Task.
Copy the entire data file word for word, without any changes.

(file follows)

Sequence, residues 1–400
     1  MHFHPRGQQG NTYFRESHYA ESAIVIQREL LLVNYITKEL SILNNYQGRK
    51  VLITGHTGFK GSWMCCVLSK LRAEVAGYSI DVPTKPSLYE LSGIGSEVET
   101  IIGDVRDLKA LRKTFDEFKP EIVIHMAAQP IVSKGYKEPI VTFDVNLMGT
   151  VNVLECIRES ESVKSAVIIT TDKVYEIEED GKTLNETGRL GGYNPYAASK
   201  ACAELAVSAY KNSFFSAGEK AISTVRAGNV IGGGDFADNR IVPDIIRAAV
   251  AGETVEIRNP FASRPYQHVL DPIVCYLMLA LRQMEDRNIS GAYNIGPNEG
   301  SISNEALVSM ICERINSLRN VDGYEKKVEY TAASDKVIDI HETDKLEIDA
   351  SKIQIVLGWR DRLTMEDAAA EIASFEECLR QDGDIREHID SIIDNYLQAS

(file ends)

Sequence, residues 1–400
     1  MHFHPRGQQG NTYFRESHYA ESAIVIQREL LLVNYITKEL SILNNYQGRK
    51  VLITGHTGFK GSWMCCVLSK LRAEVAGYSI DVPTKPSLYE LSGIGSEVET
   101  IIGDVRDLKA LRKTFDEFKP EIVIHMAAQP IVSKGYKEPI VTFDVNLMGT
   151  VNVLECIRES ESVKSAVIIT TDKVYEIEED GKTLNETGRL GGYNPYAASK
   201  ACAELAVSAY KNSFFSAGEK AISTVRAGNV IGGGDFADNR IVPDIIRAAV
   251  AGETVEIRNP FASRPYQHVL DPIVCYLMLA LRQMEDRNIS GAYNIGPNEG
   301  SISNEALVSM ICERINSLRN VDGYEKKVEY TAASDKVIDI HETDKLEIDA
   351  SKIQIVLGWR DRLTMEDAAA EIASFEECLR QDGDIREHID SIIDNYLQAS